“We realize that there are students in our community whose parents will choose not to have their children vaccinated,” Rich Newman, the district’s superintendent, wrote in a Nov. 22 letter to parents. “This unique program is the first of its kind designed to provide in-person learning to students who would not be able to attend school on campus if not vaccinated.”
Newman told The Washington Post that the district’s plan, which is believed to be the first of its kind to work around the state’s mandate, is not a political statement, but reflects his “moral responsibility to provide in-person learning when safe and possible.”
“In the midst of a highly politicized environment, it’s my responsibility to serve students who are vaccinated or not vaccinated,” said Newman, adding that he’s had three doses of a coronavirus vaccine. “I’m working with parents who feel very strongly about this. These kids are young and are caught in an interesting, complex and political time with no choice of their own.”
The move has been met with a mixed response, including from some parents and critics who accuse Newman and the district of segregating unvaccinated students from their peers.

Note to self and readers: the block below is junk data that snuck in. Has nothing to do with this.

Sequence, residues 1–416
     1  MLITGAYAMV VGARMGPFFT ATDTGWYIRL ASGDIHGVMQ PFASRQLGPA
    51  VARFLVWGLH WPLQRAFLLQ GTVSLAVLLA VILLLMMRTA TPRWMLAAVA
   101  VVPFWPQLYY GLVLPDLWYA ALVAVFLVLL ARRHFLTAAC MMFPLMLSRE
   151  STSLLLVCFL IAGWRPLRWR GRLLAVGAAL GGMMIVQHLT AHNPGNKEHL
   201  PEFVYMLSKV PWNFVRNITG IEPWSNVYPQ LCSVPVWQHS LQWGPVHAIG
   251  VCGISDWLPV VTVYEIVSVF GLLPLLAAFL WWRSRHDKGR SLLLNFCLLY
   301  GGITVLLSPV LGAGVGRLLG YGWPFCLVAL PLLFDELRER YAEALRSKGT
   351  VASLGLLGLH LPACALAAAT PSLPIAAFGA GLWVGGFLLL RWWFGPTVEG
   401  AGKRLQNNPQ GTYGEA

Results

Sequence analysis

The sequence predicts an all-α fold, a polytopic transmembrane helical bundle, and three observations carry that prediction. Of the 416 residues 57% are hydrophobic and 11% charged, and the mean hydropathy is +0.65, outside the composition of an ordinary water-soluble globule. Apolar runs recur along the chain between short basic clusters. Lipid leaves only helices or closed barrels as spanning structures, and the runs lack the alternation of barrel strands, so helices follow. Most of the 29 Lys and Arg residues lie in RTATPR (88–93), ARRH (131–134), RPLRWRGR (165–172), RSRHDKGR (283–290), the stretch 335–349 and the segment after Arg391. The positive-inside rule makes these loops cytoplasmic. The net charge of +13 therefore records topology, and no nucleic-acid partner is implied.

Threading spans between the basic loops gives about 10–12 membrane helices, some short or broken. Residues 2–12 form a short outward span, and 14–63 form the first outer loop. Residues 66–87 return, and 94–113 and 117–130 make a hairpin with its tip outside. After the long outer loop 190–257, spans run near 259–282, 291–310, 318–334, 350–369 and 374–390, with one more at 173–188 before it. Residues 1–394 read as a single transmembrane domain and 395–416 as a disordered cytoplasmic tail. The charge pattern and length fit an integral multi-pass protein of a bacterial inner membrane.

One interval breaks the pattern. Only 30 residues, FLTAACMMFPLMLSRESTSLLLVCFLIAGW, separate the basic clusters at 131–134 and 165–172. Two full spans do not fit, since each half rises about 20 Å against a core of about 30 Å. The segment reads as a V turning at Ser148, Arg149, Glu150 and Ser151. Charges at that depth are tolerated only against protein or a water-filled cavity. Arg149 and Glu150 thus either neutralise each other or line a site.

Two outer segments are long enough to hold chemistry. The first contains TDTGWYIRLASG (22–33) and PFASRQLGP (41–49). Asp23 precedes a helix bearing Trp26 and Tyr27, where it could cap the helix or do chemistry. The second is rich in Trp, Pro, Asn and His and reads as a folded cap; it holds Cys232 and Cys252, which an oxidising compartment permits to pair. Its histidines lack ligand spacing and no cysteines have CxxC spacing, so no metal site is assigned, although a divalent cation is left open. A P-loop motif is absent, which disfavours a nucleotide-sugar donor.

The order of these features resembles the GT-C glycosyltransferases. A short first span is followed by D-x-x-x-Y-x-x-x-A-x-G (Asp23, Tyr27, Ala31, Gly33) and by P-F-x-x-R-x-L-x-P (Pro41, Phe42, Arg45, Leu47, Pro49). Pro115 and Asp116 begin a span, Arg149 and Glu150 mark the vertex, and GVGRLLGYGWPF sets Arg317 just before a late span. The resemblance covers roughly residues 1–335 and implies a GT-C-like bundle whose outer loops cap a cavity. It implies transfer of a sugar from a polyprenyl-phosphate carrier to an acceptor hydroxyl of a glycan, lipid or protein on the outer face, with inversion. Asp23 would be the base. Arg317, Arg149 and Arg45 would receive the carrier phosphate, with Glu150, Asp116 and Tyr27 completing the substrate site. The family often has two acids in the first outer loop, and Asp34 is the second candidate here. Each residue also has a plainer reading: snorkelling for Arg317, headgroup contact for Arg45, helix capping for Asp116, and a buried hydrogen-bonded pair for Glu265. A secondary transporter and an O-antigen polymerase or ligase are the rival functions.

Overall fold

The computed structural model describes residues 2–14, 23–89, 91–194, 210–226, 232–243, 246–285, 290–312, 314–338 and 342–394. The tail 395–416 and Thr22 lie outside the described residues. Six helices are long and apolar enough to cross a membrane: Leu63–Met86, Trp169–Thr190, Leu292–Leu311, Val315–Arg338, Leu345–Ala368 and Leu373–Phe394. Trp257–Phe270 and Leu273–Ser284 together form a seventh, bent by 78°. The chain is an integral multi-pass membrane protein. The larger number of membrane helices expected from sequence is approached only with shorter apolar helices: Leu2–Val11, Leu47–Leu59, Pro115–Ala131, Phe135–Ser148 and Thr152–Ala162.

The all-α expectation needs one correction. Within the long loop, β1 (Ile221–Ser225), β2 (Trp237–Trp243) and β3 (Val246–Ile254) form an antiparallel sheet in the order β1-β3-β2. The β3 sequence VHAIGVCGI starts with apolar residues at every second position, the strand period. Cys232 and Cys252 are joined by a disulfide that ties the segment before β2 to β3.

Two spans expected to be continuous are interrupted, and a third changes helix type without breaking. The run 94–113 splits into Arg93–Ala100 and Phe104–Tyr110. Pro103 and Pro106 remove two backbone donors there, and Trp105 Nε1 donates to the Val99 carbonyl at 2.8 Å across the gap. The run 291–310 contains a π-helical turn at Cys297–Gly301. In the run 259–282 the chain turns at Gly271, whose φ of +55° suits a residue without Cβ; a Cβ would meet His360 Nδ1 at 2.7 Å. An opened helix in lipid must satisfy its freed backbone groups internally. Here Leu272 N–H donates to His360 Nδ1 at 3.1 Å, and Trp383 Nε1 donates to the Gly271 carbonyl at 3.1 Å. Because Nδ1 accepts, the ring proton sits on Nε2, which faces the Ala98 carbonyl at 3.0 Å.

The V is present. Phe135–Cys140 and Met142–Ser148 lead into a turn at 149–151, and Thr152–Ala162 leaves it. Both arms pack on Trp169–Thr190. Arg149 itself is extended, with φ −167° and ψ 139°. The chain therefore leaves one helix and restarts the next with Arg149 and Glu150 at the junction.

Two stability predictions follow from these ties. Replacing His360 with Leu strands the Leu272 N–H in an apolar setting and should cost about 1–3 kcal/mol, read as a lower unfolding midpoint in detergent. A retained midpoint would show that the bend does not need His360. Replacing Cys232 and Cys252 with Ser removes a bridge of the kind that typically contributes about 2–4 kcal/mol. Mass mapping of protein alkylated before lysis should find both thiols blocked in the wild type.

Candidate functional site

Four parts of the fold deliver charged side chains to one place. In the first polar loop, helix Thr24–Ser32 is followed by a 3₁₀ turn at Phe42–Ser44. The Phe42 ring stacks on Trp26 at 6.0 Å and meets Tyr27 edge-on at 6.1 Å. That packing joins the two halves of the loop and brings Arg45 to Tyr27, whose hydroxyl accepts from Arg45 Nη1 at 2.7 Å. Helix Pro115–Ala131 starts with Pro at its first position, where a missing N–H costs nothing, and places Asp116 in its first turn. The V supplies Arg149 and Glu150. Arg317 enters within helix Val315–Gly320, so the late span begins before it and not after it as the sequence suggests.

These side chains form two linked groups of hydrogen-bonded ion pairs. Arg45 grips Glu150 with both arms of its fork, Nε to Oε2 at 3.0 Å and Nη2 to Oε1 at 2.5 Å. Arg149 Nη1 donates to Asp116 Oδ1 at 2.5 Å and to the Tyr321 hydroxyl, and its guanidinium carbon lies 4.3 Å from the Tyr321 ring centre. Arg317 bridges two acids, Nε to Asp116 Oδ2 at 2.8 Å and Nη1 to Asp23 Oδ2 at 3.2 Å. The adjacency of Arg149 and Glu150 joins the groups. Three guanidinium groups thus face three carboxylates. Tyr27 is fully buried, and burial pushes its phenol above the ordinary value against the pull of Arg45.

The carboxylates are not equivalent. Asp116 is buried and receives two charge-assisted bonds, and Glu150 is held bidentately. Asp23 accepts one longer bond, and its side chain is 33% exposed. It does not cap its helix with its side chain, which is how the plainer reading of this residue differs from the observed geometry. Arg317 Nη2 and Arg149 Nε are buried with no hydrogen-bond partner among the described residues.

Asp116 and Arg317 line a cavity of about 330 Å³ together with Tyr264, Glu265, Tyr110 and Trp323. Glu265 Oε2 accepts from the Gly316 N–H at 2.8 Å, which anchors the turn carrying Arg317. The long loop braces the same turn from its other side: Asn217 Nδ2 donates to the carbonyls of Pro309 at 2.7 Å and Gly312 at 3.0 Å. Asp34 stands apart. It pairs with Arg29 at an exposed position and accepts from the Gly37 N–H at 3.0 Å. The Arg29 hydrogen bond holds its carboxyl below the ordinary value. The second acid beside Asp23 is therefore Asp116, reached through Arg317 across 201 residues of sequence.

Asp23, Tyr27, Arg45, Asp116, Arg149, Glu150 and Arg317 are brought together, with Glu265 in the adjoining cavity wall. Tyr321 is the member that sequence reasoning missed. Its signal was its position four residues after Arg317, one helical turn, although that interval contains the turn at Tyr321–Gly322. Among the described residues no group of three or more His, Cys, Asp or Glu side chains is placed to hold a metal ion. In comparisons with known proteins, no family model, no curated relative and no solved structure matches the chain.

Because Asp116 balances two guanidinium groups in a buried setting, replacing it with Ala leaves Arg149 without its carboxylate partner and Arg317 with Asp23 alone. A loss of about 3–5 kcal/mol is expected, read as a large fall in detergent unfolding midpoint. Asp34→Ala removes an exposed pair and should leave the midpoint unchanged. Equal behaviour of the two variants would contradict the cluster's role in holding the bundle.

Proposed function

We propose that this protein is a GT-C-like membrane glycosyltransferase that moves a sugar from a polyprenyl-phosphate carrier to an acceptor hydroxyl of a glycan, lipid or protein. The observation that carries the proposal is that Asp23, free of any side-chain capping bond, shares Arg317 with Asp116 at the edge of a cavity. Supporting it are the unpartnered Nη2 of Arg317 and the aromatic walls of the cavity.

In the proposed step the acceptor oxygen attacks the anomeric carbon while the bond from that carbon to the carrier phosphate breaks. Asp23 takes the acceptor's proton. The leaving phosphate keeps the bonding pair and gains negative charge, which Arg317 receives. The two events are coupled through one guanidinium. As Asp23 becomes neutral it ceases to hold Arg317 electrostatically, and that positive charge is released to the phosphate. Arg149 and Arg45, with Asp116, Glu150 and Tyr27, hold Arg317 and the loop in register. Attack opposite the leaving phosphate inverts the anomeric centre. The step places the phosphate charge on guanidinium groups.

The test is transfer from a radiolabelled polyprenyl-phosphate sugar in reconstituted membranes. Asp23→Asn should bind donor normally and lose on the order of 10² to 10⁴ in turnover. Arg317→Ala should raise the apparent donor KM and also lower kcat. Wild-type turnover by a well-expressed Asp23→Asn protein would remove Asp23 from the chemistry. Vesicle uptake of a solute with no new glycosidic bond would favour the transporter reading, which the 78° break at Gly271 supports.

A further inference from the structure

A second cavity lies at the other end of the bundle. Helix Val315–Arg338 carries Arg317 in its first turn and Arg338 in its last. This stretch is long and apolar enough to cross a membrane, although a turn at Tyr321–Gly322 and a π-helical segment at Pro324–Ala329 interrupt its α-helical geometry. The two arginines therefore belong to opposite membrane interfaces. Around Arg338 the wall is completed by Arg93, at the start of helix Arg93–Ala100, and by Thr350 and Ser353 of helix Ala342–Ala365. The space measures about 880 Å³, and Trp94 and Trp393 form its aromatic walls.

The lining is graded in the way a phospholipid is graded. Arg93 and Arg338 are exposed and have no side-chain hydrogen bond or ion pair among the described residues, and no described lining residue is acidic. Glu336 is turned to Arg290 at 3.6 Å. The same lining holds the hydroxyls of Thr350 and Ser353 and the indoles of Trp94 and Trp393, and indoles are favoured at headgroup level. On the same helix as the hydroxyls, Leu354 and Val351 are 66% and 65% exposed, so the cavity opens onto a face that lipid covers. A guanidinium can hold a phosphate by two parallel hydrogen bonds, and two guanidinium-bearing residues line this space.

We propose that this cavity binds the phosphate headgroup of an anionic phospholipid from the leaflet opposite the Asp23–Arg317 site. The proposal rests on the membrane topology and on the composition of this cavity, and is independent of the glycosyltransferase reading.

A spokesperson with the governor’s office did not immediately respond to a request for comment early Thursday.
The push in Southern California comes as vaccine and mask mandates in schools remain a hot-button issue for educators and parents nationwide. But a new wrinkle was featured in those debates this week after the first confirmed infection from the new omicron variant was detected in the United States. The Biden administration on Thursday announced an array of measures to protect Americans while allowing schools to stay open, as scientists try to learn more about a mutation-laden variant whose transmissibility and other characteristics are not yet understood.
While the number of covid-19 cases and deaths are down in California, the rate of hospitalizations in the state has increased slightly in the past week, according to data tracked by The Post.
More than 25 million people in California are fully vaccinated, according to The Post. Sixty-three percent of the state is vaccinated, higher than the national rate of 59 percent.
The back-and-forth over coronavirus mandates has played out in schools across the greater San Diego area. On Sunday, the Ninth District Court of Appeals temporarily blocked the San Diego Unified School District’s vaccine mandate from taking effect. The court’s ruling, which came one day before students were required to have their first dose, came after a 16-year-old student sued the school district, claiming the vaccine mandates were a form of religious discrimination.
Alpine Union, a small district of 1,500 students based in Alpine, Calif., was one of the first in San Diego County to reopen in-person learning during the last academic year, when many districts remained closed. It was also the first district to fully vaccinate its staff, Alpine Union says on its website.